What really happened at Vipassana
We were informed that we had to wear loose clothing, with tops that came down over our knees when we were sitting. That meant some new wardrobe purchases that I wasn’t really up for. And what’s with the clothing code? I wasn’t planning to enter into service!
Don’t bring any reading or writing material. Did that include leaving my reading glasses at home?
Registrations were a couple of hours before the course began.
“You do really want to do this course, don’t you?” Yeeeees!
“You do think you can stick out the 10 days?” Yeeeees!
“Please hand over your phone and your car-keys.” Right!
I was beginning to wonder what I had let myself in for.
THE CODE OF MISCONDUCT
We were introduced to the code of conduct: No stealing, no lying, no killing, no intoxicants, no sexual misconduct and no talking for the next 10 days. Immediately followed by someone stealing my umbrella and telling me it was her room number on the tag! Dah!
I was lucky. It helped that I had grey hair, and maybe, they thought, a weak bladder and a poor back. I was allocated a single room with an ensuite bathroom, and a meditation spot in the meditation hall, up against the wall.
Well-meaning friends had warned me about the 3rd day. This is when everyone hits the wall. I was ready. I was keen. Let’s get this challenge underway.
And so the course began. 10 hours per day of meditation, punctuated by lengthy rest period, for the next 10 days.
The gong was struck outside my door at 4.00 am. Meditation was to begin at 4.30am. I scrambled my weary bones up the rain-sodden path to the meditation hall and promptly fell asleep. I was in good company.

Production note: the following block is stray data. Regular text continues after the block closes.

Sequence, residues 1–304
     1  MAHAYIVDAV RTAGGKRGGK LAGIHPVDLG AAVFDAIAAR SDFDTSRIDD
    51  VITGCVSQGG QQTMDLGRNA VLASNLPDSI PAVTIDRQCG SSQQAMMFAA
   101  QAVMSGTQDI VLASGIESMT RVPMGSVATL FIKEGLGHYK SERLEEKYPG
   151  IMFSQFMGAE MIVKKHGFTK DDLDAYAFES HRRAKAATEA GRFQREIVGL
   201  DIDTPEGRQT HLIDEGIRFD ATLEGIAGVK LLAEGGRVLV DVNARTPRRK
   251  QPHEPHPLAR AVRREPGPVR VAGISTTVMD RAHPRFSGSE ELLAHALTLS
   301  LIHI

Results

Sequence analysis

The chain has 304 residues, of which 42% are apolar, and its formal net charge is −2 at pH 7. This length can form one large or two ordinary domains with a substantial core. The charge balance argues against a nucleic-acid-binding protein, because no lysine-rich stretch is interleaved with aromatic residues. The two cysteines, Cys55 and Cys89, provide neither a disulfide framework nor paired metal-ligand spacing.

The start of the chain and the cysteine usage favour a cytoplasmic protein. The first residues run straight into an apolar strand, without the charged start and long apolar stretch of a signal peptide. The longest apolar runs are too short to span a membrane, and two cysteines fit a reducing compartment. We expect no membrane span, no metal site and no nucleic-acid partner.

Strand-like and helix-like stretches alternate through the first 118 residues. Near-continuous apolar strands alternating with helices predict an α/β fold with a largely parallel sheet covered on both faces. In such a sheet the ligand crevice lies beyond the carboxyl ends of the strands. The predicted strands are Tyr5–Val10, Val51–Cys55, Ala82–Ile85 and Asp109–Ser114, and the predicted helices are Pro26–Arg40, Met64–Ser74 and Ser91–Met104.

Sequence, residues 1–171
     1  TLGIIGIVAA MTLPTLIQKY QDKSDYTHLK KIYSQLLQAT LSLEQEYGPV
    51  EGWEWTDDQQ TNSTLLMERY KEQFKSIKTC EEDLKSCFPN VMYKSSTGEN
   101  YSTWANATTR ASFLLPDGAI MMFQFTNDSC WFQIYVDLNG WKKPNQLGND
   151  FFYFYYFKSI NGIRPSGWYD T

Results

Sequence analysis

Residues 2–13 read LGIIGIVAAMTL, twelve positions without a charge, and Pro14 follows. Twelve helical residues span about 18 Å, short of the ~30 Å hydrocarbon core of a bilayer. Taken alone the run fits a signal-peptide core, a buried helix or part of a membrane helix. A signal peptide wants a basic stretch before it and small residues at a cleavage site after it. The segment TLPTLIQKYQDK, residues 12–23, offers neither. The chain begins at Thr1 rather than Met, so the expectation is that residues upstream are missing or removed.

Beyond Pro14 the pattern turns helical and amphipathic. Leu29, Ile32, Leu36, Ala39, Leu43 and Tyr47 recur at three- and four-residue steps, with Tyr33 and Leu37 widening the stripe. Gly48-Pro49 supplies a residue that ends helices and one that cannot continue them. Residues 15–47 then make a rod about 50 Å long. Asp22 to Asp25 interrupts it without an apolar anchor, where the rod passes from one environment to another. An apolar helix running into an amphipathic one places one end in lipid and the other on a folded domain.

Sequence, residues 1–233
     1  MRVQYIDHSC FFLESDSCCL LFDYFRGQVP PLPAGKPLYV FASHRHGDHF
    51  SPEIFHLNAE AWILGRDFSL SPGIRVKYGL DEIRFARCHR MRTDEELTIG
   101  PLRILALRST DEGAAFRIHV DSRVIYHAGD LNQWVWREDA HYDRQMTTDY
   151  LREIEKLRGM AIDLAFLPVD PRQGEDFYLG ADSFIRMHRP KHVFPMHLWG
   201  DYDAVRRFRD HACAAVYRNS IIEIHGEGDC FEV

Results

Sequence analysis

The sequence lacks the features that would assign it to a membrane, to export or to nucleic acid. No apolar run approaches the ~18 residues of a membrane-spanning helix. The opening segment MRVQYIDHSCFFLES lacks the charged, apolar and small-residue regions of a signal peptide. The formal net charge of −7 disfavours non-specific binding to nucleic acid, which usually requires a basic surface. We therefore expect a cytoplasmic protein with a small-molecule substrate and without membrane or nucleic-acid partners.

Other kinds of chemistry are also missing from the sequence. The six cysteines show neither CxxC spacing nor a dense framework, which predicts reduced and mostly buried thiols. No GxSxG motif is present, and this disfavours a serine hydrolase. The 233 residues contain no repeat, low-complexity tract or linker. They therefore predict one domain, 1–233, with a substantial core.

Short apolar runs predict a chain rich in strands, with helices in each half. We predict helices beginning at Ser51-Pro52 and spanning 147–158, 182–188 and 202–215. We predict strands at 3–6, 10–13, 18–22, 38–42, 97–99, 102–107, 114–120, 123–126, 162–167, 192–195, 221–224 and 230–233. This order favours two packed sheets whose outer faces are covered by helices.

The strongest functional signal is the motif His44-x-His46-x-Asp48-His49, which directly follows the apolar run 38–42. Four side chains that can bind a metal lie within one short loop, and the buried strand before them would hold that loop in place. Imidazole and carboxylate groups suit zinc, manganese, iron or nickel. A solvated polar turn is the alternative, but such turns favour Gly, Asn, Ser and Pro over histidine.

The first day as I focused my entire attention to the area of my nose, my body began resisting… my head was imploding.
My mind was bringing in thoughts that were so far removed from anything I would ever consciously consider. Fascinating thoughts had I had time to explore them, but mostly rubbish that had no meaning to me.
MY FIRST INSIGHT
When the teacher said “take rest”, he meant it! Like, go to sleep between meditation sessions! I’d read somewhere that the glial cells that reshape our neurological pathways do their work when the brain is resting at night. So I slept. At breakfast break from 8 .00 am – 9.00 am, at lunch break from 1.30 – 2.30 pm, and at dinner break from 5.00 pm until 6.00 pm.
MY SECOND INSIGHT
Those thoughts are not my thoughts! WTF!
The collective mind entity was well and truly plugged in. (I blame social media for that as I had it pretty well handled until I started business online!).
I quickly relegated the collective mind to a milking stool in the corner of my mind and told it to hang there until the 10 days were done.
My lotus position proudly stood the test of the first 3 days. I now had an intimate knowledge of my breathing patterns as they express themselves at the end of my nose. And I’d figured out how to tell if the many wandering thoughts were mine or from somewhere else. Progress!
Day 3 merged into day 4, and apart from slipping into a brief hallucinogenic state which I was able to quickly correct, things were going ok.
There was a time when I couldn’t tell if it was my nose or my neighbour’s that I was observing, which could have been embarrassing had I not snapped out of it.
BREAKING THE RULES
I began to realize that I was breaking a few rules. Those glasses would have helped. The place was littered with little signs of which I took no notice because I couldn’t read them. Well, in truth I didn’t even recognize them as notes until I got up close and personal with one.
“No drink bottles in the meditation hall”. Crap, okay! No problem. I'd been happily slurping away for 4 days!
“No sitting with legs stretched out in front of you towards the front where the teacher sits”. Bloody hell, the problem with not speaking is that no one can tell you you’re doing the wrong thing! I did wonder why nobody else was stretching out for comfort during the discourses.